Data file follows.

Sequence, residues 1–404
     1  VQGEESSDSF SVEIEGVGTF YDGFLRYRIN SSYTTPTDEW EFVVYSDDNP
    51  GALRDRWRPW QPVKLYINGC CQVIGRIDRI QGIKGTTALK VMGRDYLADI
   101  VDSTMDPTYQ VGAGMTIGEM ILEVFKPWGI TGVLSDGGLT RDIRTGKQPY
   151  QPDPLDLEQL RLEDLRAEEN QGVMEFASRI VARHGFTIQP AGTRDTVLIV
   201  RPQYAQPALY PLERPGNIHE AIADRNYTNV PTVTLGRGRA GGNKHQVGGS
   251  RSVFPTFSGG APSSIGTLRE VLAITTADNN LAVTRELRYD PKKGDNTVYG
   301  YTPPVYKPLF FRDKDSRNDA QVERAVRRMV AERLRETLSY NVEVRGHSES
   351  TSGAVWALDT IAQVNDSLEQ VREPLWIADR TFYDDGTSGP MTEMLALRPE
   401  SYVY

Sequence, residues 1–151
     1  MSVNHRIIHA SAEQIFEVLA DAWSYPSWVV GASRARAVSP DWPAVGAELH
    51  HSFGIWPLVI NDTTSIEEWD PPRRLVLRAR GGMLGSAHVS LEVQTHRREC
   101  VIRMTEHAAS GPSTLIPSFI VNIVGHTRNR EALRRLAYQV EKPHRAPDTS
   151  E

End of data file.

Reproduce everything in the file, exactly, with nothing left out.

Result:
Sequence, residues 1–404
     1  VQGEESSDSF SVEIEGVGTF YDGFLRYRIN SSYTTPTDEW EFVVYSDDNP
    51  GALRDRWRPW QPVKLYINGC CQVIGRIDRI QGIKGTTALK VMGRDYLADI
   101  VDSTMDPTYQ VGAGMTIGEM ILEVFKPWGI TGVLSDGGLT RDIRTGKQPY
   151  QPDPLDLEQL RLEDLRAEEN QGVMEFASRI VARHGFTIQP AGTRDTVLIV
   201  RPQYAQPALY PLERPGNIHE AIADRNYTNV PTVTLGRGRA GGNKHQVGGS
   251  RSVFPTFSGG APSSIGTLRE VLAITTADNN LAVTRELRYD PKKGDNTVYG
   301  YTPPVYKPLF FRDKDSRNDA QVERAVRRMV AERLRETLSY NVEVRGHSES
   351  TSGAVWALDT IAQVNDSLEQ VREPLWIADR TFYDDGTSGP MTEMLALRPE
   401  SYVY

Sequence, residues 1–151
     1  MSVNHRIIHA SAEQIFEVLA DAWSYPSWVV GASRARAVSP DWPAVGAELH
    51  HSFGIWPLVI NDTTSIEEWD PPRRLVLRAR GGMLGSAHVS LEVQTHRREC
   101  VIRMTEHAAS GPSTLIPSFI VNIVGHTRNR EALRRLAYQV EKPHRAPDTS
   151  E